Jon Lebkowsky (jonl) Sun 6 May 01 09:27
The blog Mark, Cory and David are maintaining at http://www.boingboing.net focuses, not on personalities, but on the kind of neurotica and technophiliac weirdness that the bOING bOING zine was about. The personal journal stuff is still appealing, I think, if the person who's journaling has something to say or a life that's interesting in some quirky way. Though I'd done blogs of a sort in the past (such as the TAZmedia webzine at the fringeware.com), it wasn't til I ran across filmmaker Doug Block (tempted to type "Doug Blog"!), who was finishing work on his documentary "Home Page," that the concept came together for me... and Doug was focusing more on personal bloggers like Justin Hall. I think the more personal blogs were a big deal around '97-'98, when "Home Page" was finished and released, and there was other stuff going on, like the Digital Storytelling festival that the late Dana Atchley put together. I know there were zines that were more personal, but I was never as interested in them as in zines that were about culture, literature, technology... and were more diverse.
Jim Leftwich (jleft) Sun 6 May 01 23:42
I'd like to hear the panelists' thoughts on the differences, and maybe synergies between, zines and the net. It was through the pre-web internet in the late 1980s and early 1990s that I became familiar with and connected to the world of zines beyond my own local scene. What are the panelists thoughts on the influence of the net on the zine explosion. Or maybe a more accurate phrasing would be "explosion of recognition by the wider media." Also, though surfing blogdom is my favorite net activity to date, I miss the sheer tactile, hugging joy, no - ECSTASY, of finding a new copy of a favorite zine in the mailbox. And what are the panelists' thoughts on link-copying, not slagging it as lazy, but rather as an interesting and distributed way to tell "what's hot" and "what's popular" as one surfs around blogdom. Can blogging be seen as a modern cultural radar of sorts? I'm amazed to find how the major magazines will often print items regarding both news and pop culture that seem OLD by blog time.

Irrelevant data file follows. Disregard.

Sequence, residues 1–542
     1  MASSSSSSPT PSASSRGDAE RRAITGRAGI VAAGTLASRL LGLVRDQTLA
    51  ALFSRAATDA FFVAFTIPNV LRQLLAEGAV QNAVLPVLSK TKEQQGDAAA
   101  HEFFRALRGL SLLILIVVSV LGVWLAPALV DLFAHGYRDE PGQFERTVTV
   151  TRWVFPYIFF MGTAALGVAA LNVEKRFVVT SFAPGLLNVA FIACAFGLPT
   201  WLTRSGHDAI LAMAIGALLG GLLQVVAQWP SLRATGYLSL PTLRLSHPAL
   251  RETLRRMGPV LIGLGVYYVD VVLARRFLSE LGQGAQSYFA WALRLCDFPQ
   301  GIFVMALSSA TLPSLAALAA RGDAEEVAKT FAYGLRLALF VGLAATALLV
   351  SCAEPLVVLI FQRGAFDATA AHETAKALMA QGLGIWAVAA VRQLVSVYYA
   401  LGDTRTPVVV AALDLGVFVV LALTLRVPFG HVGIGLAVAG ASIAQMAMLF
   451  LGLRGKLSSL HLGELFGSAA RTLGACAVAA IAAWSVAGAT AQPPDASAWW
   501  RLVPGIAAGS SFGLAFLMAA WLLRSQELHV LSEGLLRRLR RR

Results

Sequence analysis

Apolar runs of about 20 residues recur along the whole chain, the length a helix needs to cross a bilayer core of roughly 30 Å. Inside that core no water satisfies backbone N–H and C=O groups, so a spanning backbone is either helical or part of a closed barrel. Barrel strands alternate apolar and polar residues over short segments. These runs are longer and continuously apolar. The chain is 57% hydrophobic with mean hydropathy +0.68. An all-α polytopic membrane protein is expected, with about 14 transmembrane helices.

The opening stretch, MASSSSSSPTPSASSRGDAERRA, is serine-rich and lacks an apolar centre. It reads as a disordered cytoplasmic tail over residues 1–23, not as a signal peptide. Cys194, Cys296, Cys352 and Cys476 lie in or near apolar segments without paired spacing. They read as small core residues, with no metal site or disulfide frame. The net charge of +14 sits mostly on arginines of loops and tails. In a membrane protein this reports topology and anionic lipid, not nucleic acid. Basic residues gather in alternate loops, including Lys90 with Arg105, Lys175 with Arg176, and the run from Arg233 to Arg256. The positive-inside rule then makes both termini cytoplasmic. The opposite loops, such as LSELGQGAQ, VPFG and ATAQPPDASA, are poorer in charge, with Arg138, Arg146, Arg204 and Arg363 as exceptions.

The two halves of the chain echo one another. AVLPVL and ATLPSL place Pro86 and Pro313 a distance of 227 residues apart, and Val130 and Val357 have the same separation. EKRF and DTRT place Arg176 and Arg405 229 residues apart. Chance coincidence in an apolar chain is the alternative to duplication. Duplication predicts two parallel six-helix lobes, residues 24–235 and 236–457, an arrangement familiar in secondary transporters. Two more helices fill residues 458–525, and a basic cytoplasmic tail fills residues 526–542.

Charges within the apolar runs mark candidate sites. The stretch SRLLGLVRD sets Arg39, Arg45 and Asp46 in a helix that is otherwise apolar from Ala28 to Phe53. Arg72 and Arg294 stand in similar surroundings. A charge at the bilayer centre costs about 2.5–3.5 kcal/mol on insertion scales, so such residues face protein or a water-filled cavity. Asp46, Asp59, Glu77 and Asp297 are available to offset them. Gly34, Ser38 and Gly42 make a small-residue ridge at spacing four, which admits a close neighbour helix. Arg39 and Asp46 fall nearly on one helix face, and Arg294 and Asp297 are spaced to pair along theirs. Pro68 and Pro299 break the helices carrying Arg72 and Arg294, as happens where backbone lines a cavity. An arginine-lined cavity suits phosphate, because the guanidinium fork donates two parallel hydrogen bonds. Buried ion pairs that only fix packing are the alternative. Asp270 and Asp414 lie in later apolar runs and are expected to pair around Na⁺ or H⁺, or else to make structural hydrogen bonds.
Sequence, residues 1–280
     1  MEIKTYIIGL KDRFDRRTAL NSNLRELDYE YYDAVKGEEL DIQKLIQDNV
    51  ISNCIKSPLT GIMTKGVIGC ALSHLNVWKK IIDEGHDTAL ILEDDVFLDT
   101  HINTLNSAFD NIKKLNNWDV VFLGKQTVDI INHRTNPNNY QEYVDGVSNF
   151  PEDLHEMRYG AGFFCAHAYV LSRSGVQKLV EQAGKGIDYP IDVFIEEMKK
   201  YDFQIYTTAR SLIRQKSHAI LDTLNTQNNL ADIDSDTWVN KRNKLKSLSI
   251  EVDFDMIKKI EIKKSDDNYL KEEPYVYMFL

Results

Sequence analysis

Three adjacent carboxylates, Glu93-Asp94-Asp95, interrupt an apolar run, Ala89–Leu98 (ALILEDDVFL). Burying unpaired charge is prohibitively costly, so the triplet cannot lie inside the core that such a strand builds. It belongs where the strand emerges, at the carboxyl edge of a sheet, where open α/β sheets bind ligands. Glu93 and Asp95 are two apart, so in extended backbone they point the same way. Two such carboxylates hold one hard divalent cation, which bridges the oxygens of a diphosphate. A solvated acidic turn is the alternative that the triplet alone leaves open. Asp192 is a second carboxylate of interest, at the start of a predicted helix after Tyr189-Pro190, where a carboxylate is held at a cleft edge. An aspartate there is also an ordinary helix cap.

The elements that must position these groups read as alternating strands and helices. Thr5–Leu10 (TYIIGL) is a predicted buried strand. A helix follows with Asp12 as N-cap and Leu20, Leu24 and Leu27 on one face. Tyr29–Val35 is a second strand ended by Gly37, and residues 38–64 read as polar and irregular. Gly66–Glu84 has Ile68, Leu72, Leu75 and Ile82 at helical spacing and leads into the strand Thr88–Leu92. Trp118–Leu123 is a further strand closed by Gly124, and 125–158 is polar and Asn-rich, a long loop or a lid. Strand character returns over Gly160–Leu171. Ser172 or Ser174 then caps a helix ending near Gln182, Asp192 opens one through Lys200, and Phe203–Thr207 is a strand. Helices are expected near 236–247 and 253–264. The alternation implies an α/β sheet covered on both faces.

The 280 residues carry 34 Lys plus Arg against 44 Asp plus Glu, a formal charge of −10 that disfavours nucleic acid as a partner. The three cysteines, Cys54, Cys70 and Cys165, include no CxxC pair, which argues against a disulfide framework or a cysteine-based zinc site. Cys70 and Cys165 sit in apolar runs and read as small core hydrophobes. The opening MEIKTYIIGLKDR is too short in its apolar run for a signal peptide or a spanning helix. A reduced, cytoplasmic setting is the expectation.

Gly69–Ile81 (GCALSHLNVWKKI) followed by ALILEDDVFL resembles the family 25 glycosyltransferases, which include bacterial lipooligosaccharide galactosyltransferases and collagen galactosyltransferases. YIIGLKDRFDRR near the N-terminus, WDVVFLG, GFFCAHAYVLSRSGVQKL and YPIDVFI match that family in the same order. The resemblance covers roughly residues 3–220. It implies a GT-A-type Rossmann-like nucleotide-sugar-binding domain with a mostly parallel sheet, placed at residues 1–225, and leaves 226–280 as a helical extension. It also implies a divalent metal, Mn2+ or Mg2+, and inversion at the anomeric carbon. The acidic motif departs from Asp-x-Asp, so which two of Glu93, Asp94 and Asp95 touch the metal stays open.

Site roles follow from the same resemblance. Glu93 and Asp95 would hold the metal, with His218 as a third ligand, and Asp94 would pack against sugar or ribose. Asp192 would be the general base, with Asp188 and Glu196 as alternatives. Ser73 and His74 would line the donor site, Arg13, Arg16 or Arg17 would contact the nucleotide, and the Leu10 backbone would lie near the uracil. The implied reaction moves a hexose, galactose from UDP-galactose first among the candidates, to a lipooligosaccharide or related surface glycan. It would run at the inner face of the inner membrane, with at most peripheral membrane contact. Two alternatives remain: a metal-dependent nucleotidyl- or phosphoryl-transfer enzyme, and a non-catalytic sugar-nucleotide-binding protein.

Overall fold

http://www.syntheticzero.com (mitsu) Mon 7 May 01 04:59
>surfed several of the hot ones for a year. He said they were all about >everyone's mood swings, medications, cat, cubicle job, car... Actually it sounds like your friend wasn't surfing weblogs, but was rather surfing web diaries, a phenomenon that preceded weblogs by a couple of years. Web diaries or web journals are entirely personal sites, and many of them are very popular, but they tend to be quite different from weblogs. Most weblogs, in fact, contain little personal information; a lot of them are just annotated link lists (this is the "canonical" format for weblogs). The ones more interesting to me, however, are those that contain not only lists of links with brief comments, but also contain the author's personal thoughts and insights, sprinkled with some tidbits from their personal life to give them a more concrete and embodied flavor. My favorite weblogs (some of which I listed in my introductory post, above) are of this style; a combination of personal journal, personal commentary and thoughts, and references to interesting developments in art, science, technology, and other things. Link copying I think is great --- a good way to propagate memes and there's nothing wrong with it at all, I believe. Although I try to provide original content and research on my site, I also copy interesting links I come across on other sites --- why not? Heather Anne (http://www.lemonyellow.com) tells me that she really loves the tactile and other properties of the printed page, though she was talking mostly about books in her case.
Life in the big (doctorow) Mon 7 May 01 07:15
I think one of the interesting differences between blogs and zines is that blogs are essentially a collection of pointers *away* from themselves, while a zine is, itself, the place you wanna finish up. There are exceptions, of course. Most of the zines I read/have read have some zine reviews, but with the exception of FS5, I never picked up a zine to find out about other zines.